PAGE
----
Benjamin Thomas
Nov 03, 2014 Benjamin Thomas rated it really liked it
Elmore Leonard is a writer after my own heart. He started with westerns and then turned to crime fiction, becoming one of the best selling crime fiction writers of all time. When I saw the audio book, "The Hot Kid" on the library shelves this time, I just couldn't pass it up because I knew I'd be in for a treat. I also needed a relatively short book this time so I could complete it before the end of the year. It was so good though that I made excuses to go driving just so I could hear more of th ...more
May 01, 2016 David rated it liked it  ·  review of another edition
Shelves: completed
Elmore Leonard wrote some really good books full of quirky bandits and eccentric lawmen. This one is set in that 20's-30's era of Oklahoma and Southwestern U.S. banditry. Webster joins the U.S. Marshal service with the main goal of gunning down a robber who insulted him as a fifteen year old kid. With that accomplished fairly quickly, he becomes the "Hot Kid" -- being covered by a reporter from True Detective magazine only bolsters his fame. Soon, he is hunting fugitives and outlaws and coming o ...more
Larry Edwards
Sep 23, 2015 Larry Edwards rated it it was amazing
Stephen King rates this as Leonard’s “best novel.” I don’t know that I would go that far — my favorite is Hombre — but I enjoyed it.

Two men, one (Carl Webster, grandson of Virgil Webster in Cuba Libre) wants to be a well-known U.S. marshal, the other (Jack Belmont) wants to be known as public enemy No. 1. Told in a folksy style, sentence fragments, colloquial grammar—even the narrative, although the narrator is never identified. I’m annoyed by the passive voice and the needless (and grammaticall
Aug 07, 2011 Hayden rated it really liked it
The Hot Kid is a 1930's period piece that tells the story of a young and badass US Marshal straight out of the picture shows, an idiot with disillusioned dreams of spending his days with high-class bank robbers like John Dillinger and Pretty Boy Floyd, an Eye-talian journalist who always ends up in the middle of the madness, and a handful of ladies along for the ride; all interwoven in an expansive, Pulp Fiction-esque story.

Going into this I didn't really expect much. I found it on the shelf of
Mar 24, 2011 Debra marked it as to-read
Stephen King recommended book and author.

King says: "Leonard began his career (back when I was in diapers) writing Westerns. He finally achieved success in the '80s with urban shoot-'em-ups. In The Hot Kid he has combined both genres, producing a randy Bonnie-and-Clyde-era thrill ride featuring a U.S. marshal, a bank-robbing maniac who once tried to drown his sister in a pool, and a good-hearted woman with a shady past. It's Leonard's best novel since Get Shorty, maybe his best ever."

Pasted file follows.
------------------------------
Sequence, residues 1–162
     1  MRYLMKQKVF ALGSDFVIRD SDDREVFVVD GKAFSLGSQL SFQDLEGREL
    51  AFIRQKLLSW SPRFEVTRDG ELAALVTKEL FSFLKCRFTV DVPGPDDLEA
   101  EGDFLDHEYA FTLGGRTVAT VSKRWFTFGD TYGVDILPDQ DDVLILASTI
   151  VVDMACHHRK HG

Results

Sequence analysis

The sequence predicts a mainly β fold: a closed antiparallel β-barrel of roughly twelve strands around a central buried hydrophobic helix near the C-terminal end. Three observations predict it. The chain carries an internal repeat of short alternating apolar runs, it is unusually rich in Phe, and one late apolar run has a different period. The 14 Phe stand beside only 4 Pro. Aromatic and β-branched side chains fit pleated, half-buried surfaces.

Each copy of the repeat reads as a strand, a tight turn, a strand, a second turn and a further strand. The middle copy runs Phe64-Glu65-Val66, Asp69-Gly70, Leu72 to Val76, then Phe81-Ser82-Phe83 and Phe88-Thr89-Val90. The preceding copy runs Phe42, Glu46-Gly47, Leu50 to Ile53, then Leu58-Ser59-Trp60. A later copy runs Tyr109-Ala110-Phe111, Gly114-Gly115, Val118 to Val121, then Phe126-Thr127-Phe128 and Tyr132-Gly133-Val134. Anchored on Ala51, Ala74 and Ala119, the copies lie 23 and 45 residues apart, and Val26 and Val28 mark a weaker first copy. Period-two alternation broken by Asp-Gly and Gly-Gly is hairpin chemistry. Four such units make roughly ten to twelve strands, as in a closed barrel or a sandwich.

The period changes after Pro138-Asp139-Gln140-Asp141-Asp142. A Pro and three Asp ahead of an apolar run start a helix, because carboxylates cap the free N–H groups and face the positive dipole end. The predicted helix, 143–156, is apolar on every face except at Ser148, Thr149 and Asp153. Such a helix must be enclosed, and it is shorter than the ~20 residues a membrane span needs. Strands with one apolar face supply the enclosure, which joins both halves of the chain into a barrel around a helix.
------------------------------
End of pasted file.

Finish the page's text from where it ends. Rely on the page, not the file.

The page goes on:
From Wikipe
Jul 11, 2015 Patrick rated it really liked it  ·  review of another edition
The story follows Carl Webster, who is a federal marshal, on the chase of bank robbers. The reader follows Carl throughout his youth and focuses upon his first seven years as a marshal in Oklahoma.

Within the storyline, the reader receives the perspective of the different characters, a trademark for the writer. The switch in perspectives allows the reader to see and feel the story from different angles. Moving around the point of view is not as pronounced in this work as in some others, only a f
This might be my last Leonard novel. Starts out strong, but then the conversations begin sounding familiar. This is probably a good beach book for some, but I found that the writing was a bit too breezy, the dialogue a bit too hip. At this point in his career, I'm tempted to say Leonard can write these in his sleep, but there's some nice historical details that shows he's not on auto-pilot. For those who like Leonard, and his period pieces, check out a lesser known title, The Moonshine War.
Jeff Dickison
Apr 19, 2014 Jeff Dickison rated it it was amazing
A really, really good tale by Leonard. Story is of a hot shot U.S. Marchall in Oklahoma and Kansas City area during the depression years and one particular inept criminal he goes after. Highly recommended.
Jul 21, 2016 Jamie rated it really liked it  ·  review of another edition
Shelves: the-wild-west
Summer’s almost over! I have to scarf down the last of my summer books, the ones made for sweltering afternoons and ice cold beers.

Louly is one of my favorite Elmore ladies. And Carl Webster? A hotshot, ice-cream-loving marshal by any other name...
Fuzzy Gerdes
Oct 01, 2007 Fuzzy Gerdes rated it it was amazing
The Hot Kid exists at the intersection of Westerns (it's set in Oklahoma), gangster stories (it's the 30s), and true-crime fiction (in a touch of meta, one of the characters writes for those sorts of magazines). And it's unmistakably Elmore Leonard. Yes, please.
Jul 26, 2014 Donna rated it liked it  ·  review of another edition
Shelves: crime
My first Elmore Leonard! I don 't think this was a mystery...more of a thriller. Setting is 1920s-30s Oklahoma with lots of moonshine, gun molls and Public Enemies. Wonderfully evokes the time period. Not my favorite book, but very well done.
Eddie Whitlock
Jun 26, 2013 Eddie Whitlock rated it it was amazing
Excellent story!

It would be pointless to tell you anything else.

It's an entertaining tale of -